WASHINGTON — Rep. Peter DeFazio, D-Ore., declared his retirement Friday and will not seek re-election to his 31st term in Congress.
DeFazio, 72, has served eight terms in the House representing Oregon’s first district. His retirement effectively ends the viability of Democrats who are looking to win Republican-held seats in the House and Senate.
House Minority Leader Nancy Pelosi, D-Calif., and Democratic Congressional Campaign Committee Chair Ben Ray Luján, D-N.M., both issued statements welcoming DeFazio to retirement.
“We’ve done this together, and have helped Oregonians of all ages, genders, and backgrounds,” Pelosi said. “His leadership and passion for our collective future will be sorely missed, and he will always be a friend.”
DeFazio’s younger brother, Jerry, has represented Oregon’s 12th District in the House since 1993.
DeFazio, who championed legislation to protect the environment and military veterans, has been considered an advocate for issues important to working-class voters. He said the need to take action on mounting economic problems can be a compelling reason to maintain public service.
“I believe it’s not about parties,” DeFazio said. “I’m standing up with middle-class people, people who worked hard, and saw their life values violated, so you know my kids can have better lives than I have.”
Though his departure is expected to give Republicans an opening to win the seat, DeFazio said Oregonians need to find new leaders, including new candidates.
“We have more than enough great qualified people to serve,” he said. “But you have to elect them.”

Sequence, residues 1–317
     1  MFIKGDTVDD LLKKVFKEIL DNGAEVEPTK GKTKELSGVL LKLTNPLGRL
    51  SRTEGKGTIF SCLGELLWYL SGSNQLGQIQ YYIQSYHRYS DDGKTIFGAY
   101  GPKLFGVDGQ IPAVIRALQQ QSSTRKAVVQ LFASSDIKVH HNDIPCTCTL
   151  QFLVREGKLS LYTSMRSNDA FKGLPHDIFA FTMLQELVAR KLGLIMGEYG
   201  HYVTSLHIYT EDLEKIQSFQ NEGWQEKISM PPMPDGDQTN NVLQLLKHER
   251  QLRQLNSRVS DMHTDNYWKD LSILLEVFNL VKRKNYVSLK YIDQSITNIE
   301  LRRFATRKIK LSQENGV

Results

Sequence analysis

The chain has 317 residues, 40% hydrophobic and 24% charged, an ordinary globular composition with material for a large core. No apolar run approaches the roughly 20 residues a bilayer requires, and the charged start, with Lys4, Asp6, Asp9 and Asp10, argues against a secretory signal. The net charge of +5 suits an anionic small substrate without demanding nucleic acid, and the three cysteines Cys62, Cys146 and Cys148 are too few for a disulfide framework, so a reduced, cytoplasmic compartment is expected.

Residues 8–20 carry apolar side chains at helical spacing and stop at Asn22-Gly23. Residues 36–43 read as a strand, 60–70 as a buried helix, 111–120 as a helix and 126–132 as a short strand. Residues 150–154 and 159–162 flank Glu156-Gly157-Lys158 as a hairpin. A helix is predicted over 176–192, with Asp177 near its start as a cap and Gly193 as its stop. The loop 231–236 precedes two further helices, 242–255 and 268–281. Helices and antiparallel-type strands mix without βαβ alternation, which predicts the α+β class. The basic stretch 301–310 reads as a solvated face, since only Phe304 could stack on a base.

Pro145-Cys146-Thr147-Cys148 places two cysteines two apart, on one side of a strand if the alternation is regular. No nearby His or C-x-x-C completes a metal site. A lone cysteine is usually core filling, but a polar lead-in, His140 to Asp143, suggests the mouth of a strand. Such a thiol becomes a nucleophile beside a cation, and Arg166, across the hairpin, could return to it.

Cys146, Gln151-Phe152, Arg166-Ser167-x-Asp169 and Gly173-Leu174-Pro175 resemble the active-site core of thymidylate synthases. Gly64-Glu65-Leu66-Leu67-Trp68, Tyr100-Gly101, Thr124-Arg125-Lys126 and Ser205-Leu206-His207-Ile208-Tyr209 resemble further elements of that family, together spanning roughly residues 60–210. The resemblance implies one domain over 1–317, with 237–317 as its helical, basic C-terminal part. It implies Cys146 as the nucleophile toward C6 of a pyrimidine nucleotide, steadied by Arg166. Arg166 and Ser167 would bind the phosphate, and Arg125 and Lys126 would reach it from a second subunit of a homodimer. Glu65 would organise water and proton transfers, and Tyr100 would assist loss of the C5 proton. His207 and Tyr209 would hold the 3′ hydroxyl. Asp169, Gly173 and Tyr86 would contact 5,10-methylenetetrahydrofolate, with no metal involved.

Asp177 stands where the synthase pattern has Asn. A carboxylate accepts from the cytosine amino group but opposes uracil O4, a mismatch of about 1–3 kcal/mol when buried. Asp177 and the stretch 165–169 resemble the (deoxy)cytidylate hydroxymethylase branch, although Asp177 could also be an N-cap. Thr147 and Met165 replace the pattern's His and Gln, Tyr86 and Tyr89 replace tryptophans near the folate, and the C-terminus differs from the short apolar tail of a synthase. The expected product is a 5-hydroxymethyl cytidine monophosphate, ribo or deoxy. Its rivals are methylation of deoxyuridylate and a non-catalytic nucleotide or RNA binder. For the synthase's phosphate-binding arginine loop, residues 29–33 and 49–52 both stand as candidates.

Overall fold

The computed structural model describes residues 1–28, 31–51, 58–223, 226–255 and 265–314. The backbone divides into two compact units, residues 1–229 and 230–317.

He says he hopes Oregon’s congressional delegation can think of one or two candidates in the next couple of months to run for his seat. He says he will endorse whomever his party chooses, regardless of the candidate’s party.
It is far from certain who will replace DeFazio in the House. In last year’s midterm elections, all the Republican incumbents in Washington and Oregon held their seats. Just two of the Democrats serving in Washington state also won their open seats.
It is likely at least one of them, DeFazio, will not return to Congress in 2021.
“Whatever happens in the year 2016, whatever happens next year, we have a lot to show for the work we’ve done over the past 14 years and more to do over the next 14 years,” DeFazio said.
He said he hopes to work with new Oregon leaders to influence policy initiatives and to continue pushing for the Affordable Care Act, Social Security and Medicare.
There have been recent retirement announcements by two other prominent Democrats. On Thursday, Sen. Mark Warner, D-Va., announced he will not seek re-election. On Tuesday, Sen. Kay Hagan, D-N.C., said she would not seek a second term.
“It’s the first time I’ve ever announced my retirement before my term ends,” DeFazio said. “There is no anger, there is no enmity, there is no animosity. No one has stopped talking to me since it was announced.”
DeFazio said he will be spending his retirement pursuing other interests. He declined to say what those interests might be, citing his right to privacy under federal law.
His office said he wants to continue working for environmental progress, including the Clean Power Plan, as well as pushing for immigration reform, tackling climate change and protecting Wall Street reform.
“I will certainly help everybody that’s going to be [running for] the seat that I left,” he said. “I will certainly help (Sen.) Ron Wyden,” he said, referring to the only Democrat in Washington State’s U.S. Senate delegation.